High-powered sensor results in better geophysical data at Camp Breckinridge munitions response project

Published Dec. 10, 2020

In determining the impact of the past use of this Formerly Used Defense Site as an artillery range, the U.S. Army Corps of Engineers Louisville District Camp Breckinridge Environmental Restoration team has turned to advanced technology. 

The UltraTEM-IV is the next-generation in geophysical classification technology that scans the ground from just feet away, while being towed over the surface. 

According to USACE officials, this system covers a lot of ground and turns up greater results.

“It is a towed system, so production rates are much greater than other instruments,” said Clayton Hayes, Louisville District project manager. “Additionally, it has the capability to perform ‘one pass classification,’ which allows us to classify subsurface objects as potential UXO (unexploded ordnance) or just clutter as they are detected. This greatly increases the quality and speed of data collection.”

According to Hayes, this new technology is just the latest of several industry-standard sensors used at the Camp Breckinridge Military Munitions Response Program Project 06. 

“The UltraTEM is considered the most technologically advanced system in performing this particular type of geophysical survey work,” Hayes said. 

This technology was employed after other metal mapping machines covered the same ground.

“There are many types of equipment used in geophysical surveys, each with its own purpose and specialties,” Hayes said. “They each have their limitations. This system is more powerful, and it’s faster.”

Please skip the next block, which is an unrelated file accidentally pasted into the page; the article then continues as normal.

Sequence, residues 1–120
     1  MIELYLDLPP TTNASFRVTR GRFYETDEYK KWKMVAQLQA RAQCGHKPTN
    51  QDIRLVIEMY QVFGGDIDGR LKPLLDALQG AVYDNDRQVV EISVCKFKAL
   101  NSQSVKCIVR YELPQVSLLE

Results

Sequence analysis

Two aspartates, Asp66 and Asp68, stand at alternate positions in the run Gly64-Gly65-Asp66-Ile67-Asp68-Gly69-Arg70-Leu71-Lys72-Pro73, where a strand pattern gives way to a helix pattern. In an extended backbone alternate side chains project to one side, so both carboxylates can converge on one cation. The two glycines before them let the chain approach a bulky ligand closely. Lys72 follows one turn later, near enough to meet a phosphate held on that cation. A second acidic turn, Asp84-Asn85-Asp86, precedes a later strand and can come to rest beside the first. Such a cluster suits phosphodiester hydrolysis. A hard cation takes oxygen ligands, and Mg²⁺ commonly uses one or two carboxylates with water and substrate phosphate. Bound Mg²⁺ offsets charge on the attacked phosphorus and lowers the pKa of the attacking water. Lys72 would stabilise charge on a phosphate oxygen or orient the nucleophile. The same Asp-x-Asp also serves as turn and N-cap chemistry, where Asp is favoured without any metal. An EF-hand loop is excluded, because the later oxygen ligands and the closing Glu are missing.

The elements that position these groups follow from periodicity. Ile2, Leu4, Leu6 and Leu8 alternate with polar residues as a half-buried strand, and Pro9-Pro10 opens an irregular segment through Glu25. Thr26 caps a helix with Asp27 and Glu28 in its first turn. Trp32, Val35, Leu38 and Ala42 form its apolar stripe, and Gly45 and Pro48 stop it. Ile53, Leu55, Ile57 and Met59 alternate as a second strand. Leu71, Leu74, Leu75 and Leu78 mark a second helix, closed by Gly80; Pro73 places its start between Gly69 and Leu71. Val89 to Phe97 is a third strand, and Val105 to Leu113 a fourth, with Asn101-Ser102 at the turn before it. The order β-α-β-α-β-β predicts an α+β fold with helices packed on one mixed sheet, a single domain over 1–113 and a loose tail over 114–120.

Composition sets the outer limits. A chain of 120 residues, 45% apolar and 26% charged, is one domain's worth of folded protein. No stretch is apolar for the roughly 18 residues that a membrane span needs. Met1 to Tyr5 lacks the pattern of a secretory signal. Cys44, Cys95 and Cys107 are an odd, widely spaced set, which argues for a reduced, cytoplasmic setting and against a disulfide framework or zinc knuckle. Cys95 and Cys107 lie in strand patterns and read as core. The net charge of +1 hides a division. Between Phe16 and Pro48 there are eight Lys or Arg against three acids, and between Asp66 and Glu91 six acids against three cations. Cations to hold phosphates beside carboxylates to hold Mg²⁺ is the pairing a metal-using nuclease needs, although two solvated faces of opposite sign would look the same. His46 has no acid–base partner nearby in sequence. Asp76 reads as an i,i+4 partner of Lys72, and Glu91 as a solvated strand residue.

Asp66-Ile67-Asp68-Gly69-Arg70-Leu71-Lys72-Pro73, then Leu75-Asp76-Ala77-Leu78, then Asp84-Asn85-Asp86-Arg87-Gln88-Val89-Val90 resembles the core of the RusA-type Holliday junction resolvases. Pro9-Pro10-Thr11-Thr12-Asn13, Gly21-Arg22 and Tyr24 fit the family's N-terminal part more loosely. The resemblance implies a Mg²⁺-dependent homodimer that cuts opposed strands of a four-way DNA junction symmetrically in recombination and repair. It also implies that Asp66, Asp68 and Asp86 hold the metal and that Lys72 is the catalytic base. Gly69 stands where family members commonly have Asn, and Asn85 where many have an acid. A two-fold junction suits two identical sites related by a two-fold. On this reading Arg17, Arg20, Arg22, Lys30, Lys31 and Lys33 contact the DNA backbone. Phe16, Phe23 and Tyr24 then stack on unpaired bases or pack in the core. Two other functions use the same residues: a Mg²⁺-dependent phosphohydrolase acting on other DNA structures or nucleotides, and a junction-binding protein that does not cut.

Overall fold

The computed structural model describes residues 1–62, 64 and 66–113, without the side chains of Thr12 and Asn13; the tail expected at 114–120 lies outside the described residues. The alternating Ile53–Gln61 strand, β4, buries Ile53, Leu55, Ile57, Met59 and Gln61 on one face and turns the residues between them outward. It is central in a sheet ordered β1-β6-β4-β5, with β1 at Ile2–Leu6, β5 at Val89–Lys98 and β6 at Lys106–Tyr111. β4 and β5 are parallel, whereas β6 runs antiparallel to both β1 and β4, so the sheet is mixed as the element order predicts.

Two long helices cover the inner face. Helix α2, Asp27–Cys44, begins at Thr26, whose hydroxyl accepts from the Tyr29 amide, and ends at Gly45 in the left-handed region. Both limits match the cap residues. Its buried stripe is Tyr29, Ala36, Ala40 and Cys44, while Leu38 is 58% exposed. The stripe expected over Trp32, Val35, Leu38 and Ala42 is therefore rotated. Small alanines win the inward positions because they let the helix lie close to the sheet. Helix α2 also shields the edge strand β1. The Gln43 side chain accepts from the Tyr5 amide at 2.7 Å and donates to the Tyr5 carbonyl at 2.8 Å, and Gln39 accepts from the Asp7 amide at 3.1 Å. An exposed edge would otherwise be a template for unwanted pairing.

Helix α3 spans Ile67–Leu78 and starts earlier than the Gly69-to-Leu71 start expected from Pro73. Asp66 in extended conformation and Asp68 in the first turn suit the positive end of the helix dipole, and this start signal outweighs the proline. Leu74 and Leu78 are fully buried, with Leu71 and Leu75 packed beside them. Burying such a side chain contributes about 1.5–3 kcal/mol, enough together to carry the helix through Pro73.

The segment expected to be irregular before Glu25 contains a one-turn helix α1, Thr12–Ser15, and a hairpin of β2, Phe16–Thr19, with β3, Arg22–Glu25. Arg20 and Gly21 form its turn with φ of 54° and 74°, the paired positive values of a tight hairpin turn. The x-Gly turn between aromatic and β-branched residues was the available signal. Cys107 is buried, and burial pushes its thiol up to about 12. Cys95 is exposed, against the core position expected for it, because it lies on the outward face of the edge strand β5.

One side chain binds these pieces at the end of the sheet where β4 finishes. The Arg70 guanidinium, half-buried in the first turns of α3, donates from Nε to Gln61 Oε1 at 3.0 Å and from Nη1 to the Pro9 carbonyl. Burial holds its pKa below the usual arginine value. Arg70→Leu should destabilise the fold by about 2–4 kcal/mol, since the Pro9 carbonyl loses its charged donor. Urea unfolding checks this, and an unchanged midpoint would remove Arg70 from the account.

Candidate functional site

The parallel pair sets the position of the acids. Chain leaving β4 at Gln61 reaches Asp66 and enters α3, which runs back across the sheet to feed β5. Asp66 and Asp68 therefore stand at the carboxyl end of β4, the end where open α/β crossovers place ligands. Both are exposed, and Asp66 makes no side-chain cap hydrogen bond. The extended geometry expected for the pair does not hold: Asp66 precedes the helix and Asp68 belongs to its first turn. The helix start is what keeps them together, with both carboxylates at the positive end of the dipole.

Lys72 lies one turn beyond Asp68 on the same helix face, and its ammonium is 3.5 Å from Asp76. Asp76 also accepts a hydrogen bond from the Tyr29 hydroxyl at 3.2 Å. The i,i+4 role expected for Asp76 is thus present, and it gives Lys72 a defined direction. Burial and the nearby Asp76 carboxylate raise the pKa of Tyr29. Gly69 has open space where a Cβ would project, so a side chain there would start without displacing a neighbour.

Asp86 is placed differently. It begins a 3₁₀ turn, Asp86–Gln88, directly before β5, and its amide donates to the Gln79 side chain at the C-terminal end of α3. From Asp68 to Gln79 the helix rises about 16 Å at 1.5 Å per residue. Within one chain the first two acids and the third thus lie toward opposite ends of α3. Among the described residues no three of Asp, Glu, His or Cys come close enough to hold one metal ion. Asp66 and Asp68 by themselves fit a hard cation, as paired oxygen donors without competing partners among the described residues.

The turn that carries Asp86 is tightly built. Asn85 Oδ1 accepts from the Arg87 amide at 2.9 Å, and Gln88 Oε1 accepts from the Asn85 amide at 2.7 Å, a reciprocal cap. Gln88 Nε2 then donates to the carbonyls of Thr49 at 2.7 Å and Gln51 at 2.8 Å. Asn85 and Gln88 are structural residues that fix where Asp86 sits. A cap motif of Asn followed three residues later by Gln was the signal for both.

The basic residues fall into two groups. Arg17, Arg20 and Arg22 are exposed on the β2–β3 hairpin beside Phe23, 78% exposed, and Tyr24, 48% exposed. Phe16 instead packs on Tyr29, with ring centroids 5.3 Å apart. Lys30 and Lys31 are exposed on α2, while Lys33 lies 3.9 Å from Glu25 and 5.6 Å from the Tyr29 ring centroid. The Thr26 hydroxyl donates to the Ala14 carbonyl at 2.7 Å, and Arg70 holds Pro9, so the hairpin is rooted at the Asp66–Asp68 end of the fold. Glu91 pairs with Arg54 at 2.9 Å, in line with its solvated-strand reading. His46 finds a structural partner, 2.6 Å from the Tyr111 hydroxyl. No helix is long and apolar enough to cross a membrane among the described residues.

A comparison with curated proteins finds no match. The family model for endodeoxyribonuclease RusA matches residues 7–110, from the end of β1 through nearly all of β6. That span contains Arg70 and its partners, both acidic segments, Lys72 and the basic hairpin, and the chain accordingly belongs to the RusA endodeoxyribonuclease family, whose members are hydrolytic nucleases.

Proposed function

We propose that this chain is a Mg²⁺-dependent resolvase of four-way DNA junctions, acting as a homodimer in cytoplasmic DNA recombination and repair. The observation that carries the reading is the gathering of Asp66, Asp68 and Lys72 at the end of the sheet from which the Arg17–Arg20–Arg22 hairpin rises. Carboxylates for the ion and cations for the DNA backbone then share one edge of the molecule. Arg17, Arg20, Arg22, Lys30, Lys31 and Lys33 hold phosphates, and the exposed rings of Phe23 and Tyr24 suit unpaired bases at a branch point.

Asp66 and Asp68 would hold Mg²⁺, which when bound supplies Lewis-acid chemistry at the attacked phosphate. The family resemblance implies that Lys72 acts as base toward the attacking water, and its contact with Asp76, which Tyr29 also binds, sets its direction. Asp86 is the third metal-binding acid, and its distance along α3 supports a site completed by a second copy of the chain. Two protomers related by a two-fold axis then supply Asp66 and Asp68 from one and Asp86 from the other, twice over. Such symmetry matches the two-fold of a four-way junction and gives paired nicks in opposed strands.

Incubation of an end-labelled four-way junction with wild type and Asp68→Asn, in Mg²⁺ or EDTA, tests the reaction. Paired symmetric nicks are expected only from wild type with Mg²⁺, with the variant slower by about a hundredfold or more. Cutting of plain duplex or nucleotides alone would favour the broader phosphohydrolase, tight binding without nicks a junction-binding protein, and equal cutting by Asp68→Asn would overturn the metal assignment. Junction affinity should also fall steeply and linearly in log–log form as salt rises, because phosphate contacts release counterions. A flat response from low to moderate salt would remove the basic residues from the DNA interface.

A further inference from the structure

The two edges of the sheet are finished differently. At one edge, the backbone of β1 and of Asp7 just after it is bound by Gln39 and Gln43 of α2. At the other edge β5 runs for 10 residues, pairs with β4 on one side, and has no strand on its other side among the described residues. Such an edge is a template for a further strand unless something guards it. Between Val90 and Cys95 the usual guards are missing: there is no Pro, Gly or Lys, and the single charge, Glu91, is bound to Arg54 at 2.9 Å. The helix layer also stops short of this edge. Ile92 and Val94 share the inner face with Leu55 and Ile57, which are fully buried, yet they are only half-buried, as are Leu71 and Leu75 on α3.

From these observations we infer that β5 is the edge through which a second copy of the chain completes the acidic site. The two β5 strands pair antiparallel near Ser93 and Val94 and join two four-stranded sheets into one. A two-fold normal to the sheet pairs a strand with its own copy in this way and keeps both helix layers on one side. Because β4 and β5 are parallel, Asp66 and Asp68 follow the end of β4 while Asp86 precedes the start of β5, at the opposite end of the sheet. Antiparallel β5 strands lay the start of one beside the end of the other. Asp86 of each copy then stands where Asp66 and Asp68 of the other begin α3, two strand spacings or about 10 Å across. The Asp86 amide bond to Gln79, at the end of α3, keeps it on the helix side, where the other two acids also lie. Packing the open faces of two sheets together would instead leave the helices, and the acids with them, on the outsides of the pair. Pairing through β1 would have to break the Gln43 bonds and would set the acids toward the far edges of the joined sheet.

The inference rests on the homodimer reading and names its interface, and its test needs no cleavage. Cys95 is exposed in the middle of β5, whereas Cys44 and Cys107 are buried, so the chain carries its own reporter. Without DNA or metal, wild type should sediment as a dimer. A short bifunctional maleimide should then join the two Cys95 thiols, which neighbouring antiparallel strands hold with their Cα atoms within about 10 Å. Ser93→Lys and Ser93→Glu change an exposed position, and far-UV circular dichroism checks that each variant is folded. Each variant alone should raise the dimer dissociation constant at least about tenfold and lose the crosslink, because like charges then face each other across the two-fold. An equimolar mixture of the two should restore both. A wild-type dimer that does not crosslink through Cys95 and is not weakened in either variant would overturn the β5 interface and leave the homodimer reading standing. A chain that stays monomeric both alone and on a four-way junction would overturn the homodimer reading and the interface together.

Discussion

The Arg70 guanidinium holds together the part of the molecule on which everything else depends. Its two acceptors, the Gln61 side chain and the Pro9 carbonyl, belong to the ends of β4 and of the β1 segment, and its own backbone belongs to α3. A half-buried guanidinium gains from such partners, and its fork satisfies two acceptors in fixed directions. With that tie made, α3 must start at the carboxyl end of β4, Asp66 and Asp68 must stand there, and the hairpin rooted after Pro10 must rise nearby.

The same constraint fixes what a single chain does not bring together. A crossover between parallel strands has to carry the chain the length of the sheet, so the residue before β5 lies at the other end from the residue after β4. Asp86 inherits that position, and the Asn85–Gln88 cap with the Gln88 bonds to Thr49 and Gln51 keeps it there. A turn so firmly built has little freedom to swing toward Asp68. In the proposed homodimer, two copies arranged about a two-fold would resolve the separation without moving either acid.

With the UltraTEM, equipment availability is limited and cannot be easily used in densely vegetated areas or on rough or steep terrain, according to Nick Stolte, project engineer/contracting officer’s representative. “Camp Breckinridge is primarily agricultural fields, which is near perfect for the UltraTEM,” Stolte added.

The UltraTEM is meant to supplement the characterization data collected during the initial Remedial Investigation fieldwork conducted last year. The UltraTEM will more accurately predict anomaly density in the High Use Areas.

According to Stolte, earlier data identified areas where munitions were located on the surface and in the subsurface. Numerous fragments created a saturated response area resulting in individual anomalies not being distinguished due to the extremely high density. 

The UltraTEM should provide the resolution needed to more accurately predict the anomalies, Stolte said. 

“It is important to understand anomaly density, so we can develop remedial alternatives that will be successful in addressing risk and estimating costs,” Stolte said. “Anomaly density is the primary cost-driver for remedial actions. More accurate prediction of the density is a critical component for cost estimating, planning, programming and budgeting for the future remedial action.” 

Located in western Kentucky, 30 miles southwest of Evansville, Indiana, Camp Breckinridge was once used for infantry housing, combat training and medical care.

In the past, it served as a prisoner of war camp and for troop training related to a peacetime draft and the Korean War, followed by annual field training support for summer National Guard troops, Reserve Soldiers and Army Units Special Field Training.